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Nutritional supplements modulate fluorescent protein-bound advanced glycation endproducts and digestive enzymes related to type 2 diabetes mellitus.
BMC Complement Altern Med. 2016 Sep 01; 16:338.BC

Abstract

BACKGROUND

Chronic hyperglycemia enhances the formation of advanced glycation endproducts (AGEs) and reactive oxygen species (ROS), contributing to diabetic complications. Thus, controlling blood glucose levels, inhibiting the formation of AGEs and reducing ROS are key therapeutic targets in early stage type 2 diabetes.

METHODS

The inhibitory effects of seven commercial liquid nutritional supplements against carbohydrate hydrolysing enzymes, α-amylase and α-glucosidase, was determined by dinitrosalicylic (DNS) reagent and p-nitrophenyl-α-D-glucopyranoside solution, respectively. Antiglycation activity was determined using the formation of fluorescent protein-bound AGEs. Total phenolic and flavonoid content and antioxidant properties (1,1-diphenyl-2-picrylhydrazyl antioxidant activity (DPPH) and ferric reducing antioxidant power (FRAP)) were determined for correlation among these components and inhibitory activities.

RESULTS

Samoan noni juice showed the greatest inhibitory effects against α-amylase, whereas chlorophyll extracts showed the greatest inhibitory effect against α-glucosidase. Inhibition of α-glucosidase correlated with TFC (r(2) = 0.766; p < 0.01) and FRAP (r(2) = 0.750; p < 0.01) whereas no correlation was observed for α-amylase inhibition. All supplements inhibited fluorescent protein-bound AGEs, with the greatest effect exerted by Olive Leaf Extract, Blood Sugar Support (IC50 = 0.5 mg/ml). The IC50 values negatively correlated with TPC (r(2) = -0.707; p < 0.001) and DPPH scavenging activities (r(2) = 0.515; p < 0.05).

CONCLUSION

The findings of this study highlight the potential of liquid nutritional supplements in managing and treating type 2 diabetes mellitus.

Authors+Show Affiliations

School of Pharmacy and Medical Sciences, University of the South Australia, Adelaide, SA, 5001, Australia.School of Pharmacy and Medical Sciences, University of the South Australia, Adelaide, SA, 5001, Australia. permal.deo@unisa.edu.au.

Pub Type(s)

Journal Article

Language

eng

PubMed ID

27585435

Citation

Koch, Emily R., and Permal Deo. "Nutritional Supplements Modulate Fluorescent Protein-bound Advanced Glycation Endproducts and Digestive Enzymes Related to Type 2 Diabetes Mellitus." BMC Complementary and Alternative Medicine, vol. 16, 2016, p. 338.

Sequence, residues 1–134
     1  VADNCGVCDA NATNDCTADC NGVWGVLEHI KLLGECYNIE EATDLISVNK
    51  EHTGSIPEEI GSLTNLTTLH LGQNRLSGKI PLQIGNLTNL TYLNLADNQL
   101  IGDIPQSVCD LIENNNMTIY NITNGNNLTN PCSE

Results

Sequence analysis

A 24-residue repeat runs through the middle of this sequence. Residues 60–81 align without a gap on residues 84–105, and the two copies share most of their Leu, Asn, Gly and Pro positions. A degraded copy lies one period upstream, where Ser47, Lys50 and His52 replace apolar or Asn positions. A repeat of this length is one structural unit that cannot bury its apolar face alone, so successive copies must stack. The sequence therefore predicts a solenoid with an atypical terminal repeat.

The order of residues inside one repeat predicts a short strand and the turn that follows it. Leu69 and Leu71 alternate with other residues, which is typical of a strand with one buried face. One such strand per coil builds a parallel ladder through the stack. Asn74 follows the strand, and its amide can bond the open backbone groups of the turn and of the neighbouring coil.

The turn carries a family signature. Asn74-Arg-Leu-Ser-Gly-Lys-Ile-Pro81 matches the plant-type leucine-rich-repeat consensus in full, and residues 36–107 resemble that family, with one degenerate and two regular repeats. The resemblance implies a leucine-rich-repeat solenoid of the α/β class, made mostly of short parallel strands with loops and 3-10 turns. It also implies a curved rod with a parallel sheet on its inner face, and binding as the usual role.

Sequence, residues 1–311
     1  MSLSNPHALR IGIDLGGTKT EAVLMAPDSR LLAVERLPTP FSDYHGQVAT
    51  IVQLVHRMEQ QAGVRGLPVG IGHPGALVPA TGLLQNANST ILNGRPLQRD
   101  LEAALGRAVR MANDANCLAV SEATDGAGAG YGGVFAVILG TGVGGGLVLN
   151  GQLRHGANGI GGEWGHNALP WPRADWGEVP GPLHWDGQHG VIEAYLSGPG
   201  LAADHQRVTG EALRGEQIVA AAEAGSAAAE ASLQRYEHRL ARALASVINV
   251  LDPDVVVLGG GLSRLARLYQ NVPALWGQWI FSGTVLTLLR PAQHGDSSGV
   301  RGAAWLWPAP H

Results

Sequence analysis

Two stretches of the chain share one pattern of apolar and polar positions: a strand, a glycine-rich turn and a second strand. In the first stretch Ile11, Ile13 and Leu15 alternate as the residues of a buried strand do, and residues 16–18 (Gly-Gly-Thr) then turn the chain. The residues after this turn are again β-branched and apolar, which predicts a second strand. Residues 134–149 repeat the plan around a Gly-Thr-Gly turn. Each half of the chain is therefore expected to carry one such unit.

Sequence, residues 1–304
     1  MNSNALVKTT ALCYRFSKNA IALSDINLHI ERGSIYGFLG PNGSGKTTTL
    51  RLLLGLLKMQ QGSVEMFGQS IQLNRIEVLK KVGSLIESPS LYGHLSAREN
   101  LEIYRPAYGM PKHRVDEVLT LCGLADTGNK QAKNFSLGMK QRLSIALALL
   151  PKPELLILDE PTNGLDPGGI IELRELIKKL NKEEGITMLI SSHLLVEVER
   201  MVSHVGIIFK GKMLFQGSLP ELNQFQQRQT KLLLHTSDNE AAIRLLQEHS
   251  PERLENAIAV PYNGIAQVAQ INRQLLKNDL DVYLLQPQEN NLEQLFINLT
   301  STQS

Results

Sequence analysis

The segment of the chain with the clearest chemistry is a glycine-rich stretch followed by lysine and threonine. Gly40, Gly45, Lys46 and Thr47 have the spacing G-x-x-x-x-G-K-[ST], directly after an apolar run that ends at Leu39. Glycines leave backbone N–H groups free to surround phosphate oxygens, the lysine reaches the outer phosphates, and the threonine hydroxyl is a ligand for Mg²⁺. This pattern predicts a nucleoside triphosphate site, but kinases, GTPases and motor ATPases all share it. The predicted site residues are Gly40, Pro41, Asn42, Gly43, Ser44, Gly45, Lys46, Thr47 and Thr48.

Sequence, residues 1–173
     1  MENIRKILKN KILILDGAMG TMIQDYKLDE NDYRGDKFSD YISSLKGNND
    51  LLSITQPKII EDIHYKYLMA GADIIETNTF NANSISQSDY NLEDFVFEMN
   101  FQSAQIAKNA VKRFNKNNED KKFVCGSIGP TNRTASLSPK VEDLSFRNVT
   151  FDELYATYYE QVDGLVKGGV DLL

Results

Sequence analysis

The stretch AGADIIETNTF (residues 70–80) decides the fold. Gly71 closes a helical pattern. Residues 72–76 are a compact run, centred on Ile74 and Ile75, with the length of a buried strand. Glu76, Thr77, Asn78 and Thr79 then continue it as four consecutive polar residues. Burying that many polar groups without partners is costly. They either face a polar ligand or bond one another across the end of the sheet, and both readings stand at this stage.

Koch ER, Deo P. Nutritional supplements modulate fluorescent protein-bound advanced glycation endproducts and digestive enzymes related to type 2 diabetes mellitus. BMC Complement Altern Med. 2016;16:338.
Koch, E. R., & Deo, P. (2016). Nutritional supplements modulate fluorescent protein-bound advanced glycation endproducts and digestive enzymes related to type 2 diabetes mellitus. BMC Complementary and Alternative Medicine, 16, 338. https://doi.org/10.1186/s12906-016-1329-0
Koch ER, Deo P. Nutritional Supplements Modulate Fluorescent Protein-bound Advanced Glycation Endproducts and Digestive Enzymes Related to Type 2 Diabetes Mellitus. BMC Complement Altern Med. 2016 Sep 1;16:338. PubMed PMID: 27585435.
* Article titles in AMA citation format should be in sentence-case
TY - JOUR T1 - Nutritional supplements modulate fluorescent protein-bound advanced glycation endproducts and digestive enzymes related to type 2 diabetes mellitus. AU - Koch,Emily R, AU - Deo,Permal, Y1 - 2016/09/01/ PY - 2016/04/26/received PY - 2016/08/26/accepted PY - 2016/9/3/entrez PY - 2016/9/3/pubmed PY - 2017/2/17/medline KW - Antiglycation KW - Antioxidant activities KW - Flavonoids KW - Liquid nutritional supplements KW - Phenolic KW - α-amylase KW - α-glucosidase SP - 338 EP - 338 JF - BMC complementary and alternative medicine JO - BMC Complement Altern Med VL - 16 N2 - BACKGROUND: Chronic hyperglycemia enhances the formation of advanced glycation endproducts (AGEs) and reactive oxygen species (ROS), contributing to diabetic complications. Thus, controlling blood glucose levels, inhibiting the formation of AGEs and reducing ROS are key therapeutic targets in early stage type 2 diabetes. METHODS: The inhibitory effects of seven commercial liquid nutritional supplements against carbohydrate hydrolysing enzymes, α-amylase and α-glucosidase, was determined by dinitrosalicylic (DNS) reagent and p-nitrophenyl-α-D-glucopyranoside solution, respectively. Antiglycation activity was determined using the formation of fluorescent protein-bound AGEs. Total phenolic and flavonoid content and antioxidant properties (1,1-diphenyl-2-picrylhydrazyl antioxidant activity (DPPH) and ferric reducing antioxidant power (FRAP)) were determined for correlation among these components and inhibitory activities. RESULTS: Samoan noni juice showed the greatest inhibitory effects against α-amylase, whereas chlorophyll extracts showed the greatest inhibitory effect against α-glucosidase. Inhibition of α-glucosidase correlated with TFC (r(2) = 0.766; p < 0.01) and FRAP (r(2) = 0.750; p < 0.01) whereas no correlation was observed for α-amylase inhibition. All supplements inhibited fluorescent protein-bound AGEs, with the greatest effect exerted by Olive Leaf Extract, Blood Sugar Support (IC50 = 0.5 mg/ml). The IC50 values negatively correlated with TPC (r(2) = -0.707; p < 0.001) and DPPH scavenging activities (r(2) = 0.515; p < 0.05). CONCLUSION: The findings of this study highlight the potential of liquid nutritional supplements in managing and treating type 2 diabetes mellitus. SN - 1472-6882 UR - https://www.unboundmedicine.com/medline/citation/27585435/Nutritional_supplements_modulate_fluorescent_protein_bound_advanced_glycation_endproducts_and_digestive_enzymes_related_to_type_2_diabetes_mellitus_ L2 - https://bmccomplementalternmed.biomedcentral.com/articles/10.1186/s12906-016-1329-0 DB - PRIME DP - Unbound Medicine ER -